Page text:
Making a film mocking the sacred cows isn't easy in this country where every artiste stumbles on a sensitive organisation, green saffron or yellow, every step along his way.
Film: Dharam Sankat Mein;
Director: Fuwad Khan;
The makers of Dharam Sankat Mein (DSM) must be
applauded for going where angels and agnostics fear to
Of course, Raj Kumar Hirani's PK did it recently, how
can we forget? And before that Umesh Shukla's Oh My God
(OMG). Much of Rawal's performance in his new religious satire is a
repeat of what he has already done in OMG.
Now there is the added responsibility and burden of representing
the BJP. Rawal takes on the tricky task of being both non-religious
and finally hugely respectful towards all religions.
To make his pro-government stand even more cogent, the film is
shot in and around Ahmedabad in the lives and colonies of Gujarati
families. This gives the narrative a quaint and comfortable
lived-in structure even when the dialogues raise thorny issues on
the Great Religious Divide.
The film outwardly seems to scoff at ritualistic religion. The
script, derived from Josh Apignanesi's "The Infidel" turns the
satire on anti-Semitism to a pro-Islamic statement. The very idea
of talking religion so openly on screen seems audacious
There are scenes in the early part of the film where Rawal's
Gujarati Hindu character scuffles verbally with his Muslim
neighbour, played with emphatic elan by Annu Kapoor. These scenes
are the backbone of the film. The dialogues penetrate sacrosanct
spaces occupied by both the religious orders, offending both and
thereby hurting none, so to speak.
Hats off the Rawal and Kapoor and the dialogue writers (Alpesh
Dixit, Sanjay Sharma, Vijay Desai) for the absorbing lines shared
by the two characters.
Pithy' the words are lost in contrived translation. In trying to
be faithful to the original material, Dharam Sanket Mein
ends up being a bit of a botch and a whole lot of hash. The twist
when Rawal's wife suspects him of having a homosexual affair with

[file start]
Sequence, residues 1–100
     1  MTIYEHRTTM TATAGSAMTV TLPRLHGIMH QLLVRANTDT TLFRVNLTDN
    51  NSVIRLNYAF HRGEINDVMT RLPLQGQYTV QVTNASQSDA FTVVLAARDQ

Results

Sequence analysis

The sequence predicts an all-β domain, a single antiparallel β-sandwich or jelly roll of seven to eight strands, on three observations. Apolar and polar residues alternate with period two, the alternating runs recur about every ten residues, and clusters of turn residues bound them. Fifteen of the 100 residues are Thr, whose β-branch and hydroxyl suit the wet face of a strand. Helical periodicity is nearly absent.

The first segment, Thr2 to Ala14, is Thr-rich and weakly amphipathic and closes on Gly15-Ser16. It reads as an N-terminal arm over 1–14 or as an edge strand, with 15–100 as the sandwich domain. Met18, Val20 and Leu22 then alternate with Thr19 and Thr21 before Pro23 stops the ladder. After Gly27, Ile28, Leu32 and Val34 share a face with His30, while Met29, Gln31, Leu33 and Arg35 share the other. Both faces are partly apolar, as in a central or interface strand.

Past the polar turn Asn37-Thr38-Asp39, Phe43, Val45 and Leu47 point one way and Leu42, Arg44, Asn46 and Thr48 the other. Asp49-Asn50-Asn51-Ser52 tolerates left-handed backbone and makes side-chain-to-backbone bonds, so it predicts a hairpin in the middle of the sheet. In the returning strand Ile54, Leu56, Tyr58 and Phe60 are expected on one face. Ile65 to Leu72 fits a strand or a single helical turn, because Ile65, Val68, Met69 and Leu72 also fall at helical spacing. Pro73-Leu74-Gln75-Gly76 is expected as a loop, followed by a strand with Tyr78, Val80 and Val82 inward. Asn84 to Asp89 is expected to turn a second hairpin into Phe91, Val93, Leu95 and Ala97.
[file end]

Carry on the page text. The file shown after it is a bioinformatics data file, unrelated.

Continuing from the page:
his neighbour fitted in well into the original. Here it looks
forced and embarrassing.
"Tumhe kya lagta hai main gay hoon? Main bilkul straight hoon,"
Rawal chuckles to his screen wife, making you wish he was gay after
all...Perhaps the tedium of tirelessly lampooning ritualistic
religion would have broken.
The film's main dramatic core when Rawal discovers his Islamic
parentage is squandered in trying to be sassy and funny. Throughout
the film while Rawal discovers his religious identity, audiences
become more and more confused about their own religious
Adding to the identity crisis are the songs. Punjabi star Gippy
Singh shows up dancing to Bhangra beat whose significance is as
hard to decode as the reason why Naseer would take up a role so
Naseeruddin Shah as the Hindu godman Neel Anand Baba is quite
evidently modeled on a certain self-styled rock-star guru. Naseer
seems to have a lot of fun chanting the cheesy lines and being
extra-friendly with female devotees. The fun, alas, never filters
down to the audience.
There is an inherent dryness to the drama that is hard to
ignore. And even harder to digest. As the screenplay serenades a
stupendous surfeit of absurdities, you are left counting the
blessings inherent in the theme of infidelity.
It gives filmmakers the freedom to think out of the box. Though
how far that freedom is taken is entirely a matter of individual
Dharam Sankat Mein has some lucid moments of
self-questioning where the religious divide is pungently
scrutinized and satirized. Hilarity at the cost of organised
religion is not an easy target to achieve for any
This films achieves a remarkable threshold of thoughtful humour. Though a lot of it is gradually eroded by over-punctuated satire, this is that rare film which takes potshots at the religious divide without offending anyone.